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Monday, January 22 @ 8:30 p.m. (Canada/Israel/Palestine)

ZERO DEGREES OF SEPERATION by Elle Flanders. This multi-award winning documentary examines the unique and complex relationship between two sets of lovers and two nations, less than 3 kilometres apart. Selim and Ezra, a gay Palestinian-Israeli couple, are fighting for the right to live together in Jerusalem . Edit and Samira, a lesbian Palestinian-Israeli couple, are trying to figure out how to bridge the divide between their cultures – often so close and yet so far. Through the lives of these two couples we gain a unique perspective on the Middle East conflict. Interwoven with archival footage belonging to director Elle Flanders’ grandparents, Zero Degrees of Separation takes on the larger questions of humanity, conflict and nationalist aspiration. Existing on the margins of their societies, the couples allow us a unique perspective of individuals who cross borders daily, sometimes physically, sometimes metaphorically, defying the notion of an eternal conflict with impermeable borders.

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* Tuesday, January 23 @ 7:30 p.m. (Syria)

STEP BY STEP (KHUTWA KHUTWA) by Oussama Mohammad (Syria, 1977, 25 minutes, Black and White, DVD) Each day children trudge the muddied village paths to go to school, but as Step by Step makes painfully clear, their only real escape from crushing poverty is to join the army. A frightening, captivating and insightful portrait of how the Baath regime transformed generations of peasants into citizen-soldiers and sent the poor in droves to provincial cities as migrant laborers. This short film was Mohammad’s graduation project at the VGIK film school and foretells his cinematic style and thematic obsession with the language of violence in society. A PLATE OF SARDINES (OR THE FIRST TIME I HEARD OF ISRAEL) by Omar Amiralay (Syria/France, 1997, 18 min, Color, DVD) The first time I heard of Israel, I was in Beirut, the conversation was about a plate of sardines. I was six years old, Israel was two. In the company of filmmaker Mohammad Malas, Omar Amiralay revisits the ruins of the destroyed village of Quneytra. THERE ARE MANY THINGS LEFT I WOULD LIKE TO SAY… (HUNAK ASHIYA’ KATHIRA…) by Omar Amiralay (Syria/France, 1996, 50 min, Color, DVD) A few months before the passing of his friend and close collaborator dramaturge Sa‘adallah Wannus, Amiralay listens to his friend’s somber and relentless words, a farewell to a generation for whom the Arab- Israeli conflict has been the source of all disillusion.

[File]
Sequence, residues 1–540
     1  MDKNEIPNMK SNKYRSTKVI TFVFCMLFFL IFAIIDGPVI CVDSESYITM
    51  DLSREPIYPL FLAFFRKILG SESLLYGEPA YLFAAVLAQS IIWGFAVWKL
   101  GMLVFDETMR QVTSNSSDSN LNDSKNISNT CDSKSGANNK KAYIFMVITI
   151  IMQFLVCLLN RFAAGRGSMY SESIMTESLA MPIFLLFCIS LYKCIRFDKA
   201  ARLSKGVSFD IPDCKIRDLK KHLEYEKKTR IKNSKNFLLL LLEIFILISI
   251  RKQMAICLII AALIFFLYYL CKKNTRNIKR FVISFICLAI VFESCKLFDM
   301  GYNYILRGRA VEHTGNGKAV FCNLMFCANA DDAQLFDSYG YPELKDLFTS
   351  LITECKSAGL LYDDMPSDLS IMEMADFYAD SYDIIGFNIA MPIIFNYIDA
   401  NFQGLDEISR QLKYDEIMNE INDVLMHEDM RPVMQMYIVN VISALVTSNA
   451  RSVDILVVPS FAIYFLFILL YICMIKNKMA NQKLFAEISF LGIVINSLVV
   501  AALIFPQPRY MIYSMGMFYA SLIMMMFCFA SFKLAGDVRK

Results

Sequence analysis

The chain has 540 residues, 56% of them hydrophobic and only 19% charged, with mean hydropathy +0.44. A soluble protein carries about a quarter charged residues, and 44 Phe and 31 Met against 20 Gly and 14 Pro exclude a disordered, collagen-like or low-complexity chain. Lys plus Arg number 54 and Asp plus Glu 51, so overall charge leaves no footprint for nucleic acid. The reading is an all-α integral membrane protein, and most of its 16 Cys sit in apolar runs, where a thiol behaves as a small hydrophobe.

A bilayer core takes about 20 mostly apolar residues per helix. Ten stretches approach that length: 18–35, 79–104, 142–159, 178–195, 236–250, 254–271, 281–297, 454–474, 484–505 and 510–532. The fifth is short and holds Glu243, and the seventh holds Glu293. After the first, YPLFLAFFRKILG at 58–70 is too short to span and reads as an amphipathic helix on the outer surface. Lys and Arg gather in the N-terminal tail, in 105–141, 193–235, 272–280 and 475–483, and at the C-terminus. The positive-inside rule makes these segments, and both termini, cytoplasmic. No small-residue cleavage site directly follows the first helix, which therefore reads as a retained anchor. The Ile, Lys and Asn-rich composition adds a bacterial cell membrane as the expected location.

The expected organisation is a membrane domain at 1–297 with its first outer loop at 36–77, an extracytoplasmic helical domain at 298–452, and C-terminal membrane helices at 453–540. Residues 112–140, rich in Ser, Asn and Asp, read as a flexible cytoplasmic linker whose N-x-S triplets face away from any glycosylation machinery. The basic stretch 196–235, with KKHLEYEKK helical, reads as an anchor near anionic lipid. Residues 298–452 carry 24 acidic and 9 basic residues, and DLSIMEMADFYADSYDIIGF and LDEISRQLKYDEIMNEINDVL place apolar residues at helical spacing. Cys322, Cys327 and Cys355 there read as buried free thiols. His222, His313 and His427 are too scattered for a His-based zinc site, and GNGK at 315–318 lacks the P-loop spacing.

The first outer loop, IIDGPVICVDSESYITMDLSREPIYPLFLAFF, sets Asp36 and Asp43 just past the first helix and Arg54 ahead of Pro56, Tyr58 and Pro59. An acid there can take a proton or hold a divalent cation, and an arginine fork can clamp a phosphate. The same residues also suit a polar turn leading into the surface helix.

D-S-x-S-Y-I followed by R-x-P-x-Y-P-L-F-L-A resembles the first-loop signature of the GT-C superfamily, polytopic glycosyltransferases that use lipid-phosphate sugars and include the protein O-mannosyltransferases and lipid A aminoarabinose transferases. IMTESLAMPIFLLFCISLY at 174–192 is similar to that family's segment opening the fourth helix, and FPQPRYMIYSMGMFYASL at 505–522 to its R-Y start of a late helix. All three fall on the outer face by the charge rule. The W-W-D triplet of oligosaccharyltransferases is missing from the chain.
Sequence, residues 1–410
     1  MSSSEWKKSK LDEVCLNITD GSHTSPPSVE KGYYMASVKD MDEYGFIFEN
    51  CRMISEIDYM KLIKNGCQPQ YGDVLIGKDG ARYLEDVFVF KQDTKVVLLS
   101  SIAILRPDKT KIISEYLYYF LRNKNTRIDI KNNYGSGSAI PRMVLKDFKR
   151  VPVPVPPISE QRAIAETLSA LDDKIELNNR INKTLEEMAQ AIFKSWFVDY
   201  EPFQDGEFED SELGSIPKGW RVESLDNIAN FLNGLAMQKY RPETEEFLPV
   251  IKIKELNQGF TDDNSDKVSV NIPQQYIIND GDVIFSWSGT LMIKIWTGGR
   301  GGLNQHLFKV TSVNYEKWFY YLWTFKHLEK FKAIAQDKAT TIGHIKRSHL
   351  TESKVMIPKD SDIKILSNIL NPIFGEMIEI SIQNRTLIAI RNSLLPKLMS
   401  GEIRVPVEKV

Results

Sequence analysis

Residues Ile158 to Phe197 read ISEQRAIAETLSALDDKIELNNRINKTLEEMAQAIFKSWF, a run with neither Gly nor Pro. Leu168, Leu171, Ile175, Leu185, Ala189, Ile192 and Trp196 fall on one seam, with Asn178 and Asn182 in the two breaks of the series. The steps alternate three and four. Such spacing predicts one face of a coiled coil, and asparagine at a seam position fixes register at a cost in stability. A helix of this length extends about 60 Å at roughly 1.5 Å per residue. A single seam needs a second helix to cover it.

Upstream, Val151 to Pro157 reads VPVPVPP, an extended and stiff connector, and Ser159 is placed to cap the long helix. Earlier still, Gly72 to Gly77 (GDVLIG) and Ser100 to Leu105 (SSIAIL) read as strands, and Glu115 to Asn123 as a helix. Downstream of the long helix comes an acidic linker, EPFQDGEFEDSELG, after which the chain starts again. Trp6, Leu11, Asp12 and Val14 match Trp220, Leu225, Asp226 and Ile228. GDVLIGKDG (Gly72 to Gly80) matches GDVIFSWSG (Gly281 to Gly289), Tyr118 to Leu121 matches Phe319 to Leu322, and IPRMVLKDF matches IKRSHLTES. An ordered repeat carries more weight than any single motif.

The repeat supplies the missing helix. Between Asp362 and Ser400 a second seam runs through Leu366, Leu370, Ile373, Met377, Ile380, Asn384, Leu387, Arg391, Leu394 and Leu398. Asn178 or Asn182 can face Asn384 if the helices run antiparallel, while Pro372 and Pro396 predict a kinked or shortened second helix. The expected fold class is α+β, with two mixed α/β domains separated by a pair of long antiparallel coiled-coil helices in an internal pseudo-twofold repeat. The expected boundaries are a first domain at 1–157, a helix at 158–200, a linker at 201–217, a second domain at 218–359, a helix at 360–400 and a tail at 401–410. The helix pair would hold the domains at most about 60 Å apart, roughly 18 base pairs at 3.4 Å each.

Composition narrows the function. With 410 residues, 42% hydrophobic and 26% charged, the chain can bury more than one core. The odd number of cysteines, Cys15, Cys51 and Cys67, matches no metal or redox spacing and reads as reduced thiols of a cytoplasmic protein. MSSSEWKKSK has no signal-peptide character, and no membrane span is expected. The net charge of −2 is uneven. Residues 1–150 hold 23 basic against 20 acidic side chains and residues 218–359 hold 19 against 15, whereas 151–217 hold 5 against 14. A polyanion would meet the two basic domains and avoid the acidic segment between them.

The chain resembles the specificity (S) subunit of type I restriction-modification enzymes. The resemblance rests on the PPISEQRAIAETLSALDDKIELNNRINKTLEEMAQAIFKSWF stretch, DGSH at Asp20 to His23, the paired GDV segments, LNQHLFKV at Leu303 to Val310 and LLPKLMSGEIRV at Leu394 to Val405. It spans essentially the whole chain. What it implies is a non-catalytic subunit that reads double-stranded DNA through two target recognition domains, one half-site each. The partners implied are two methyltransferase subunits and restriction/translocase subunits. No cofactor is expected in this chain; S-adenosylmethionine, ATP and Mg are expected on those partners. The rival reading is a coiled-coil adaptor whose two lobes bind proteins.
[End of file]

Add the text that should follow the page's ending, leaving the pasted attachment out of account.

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* Tuesday, January 23 @ 9:30 p.m. (Syria)

JUST GET MARRIED! by Husam Chadat (Syria/Germany, 2003, 20 minutes, Color, DVD) Hilarious and heartwarming, Just Get Married! tells the story of Mr. Sharif, a Syrian living in Germany, whose student visa has finally run out. Desperate to find a way to stay in the country he has come to love, his futile attempts find him revisiting past girlfriends, responding to personal ads, and pleading with strangers. Eventually he learns that home is where you make it. VERBAL LETTERS (RASA’EL SHAFAHIYYAH), by Abdullatif Abdul-Hamid (Syria, 1991, 105 min, Color, DVD) Set in the bright orange groves of a small village in the Syrian countryside, Verbal Letters has earned Abdellatif Abdul-Hamid frequent comparisons to French author Marcel Pagnol (Jean de Florette, Manon des Sources). The film, about love friendship, loyalty and the magic of the first kiss, is loosely adapted from the story of Cyrano de Bergerac. A young man with an oversized nose is too embarrassed to approach the beautiful young woman he has fallen deeply in love with. He dispatches his most trusted friend to recite to her his love letters, but she falls for the friend. The film is an ode of tenderness and humor to childhood, coming of age, the enchantment of the first love, and the pains of learning multiplication tables.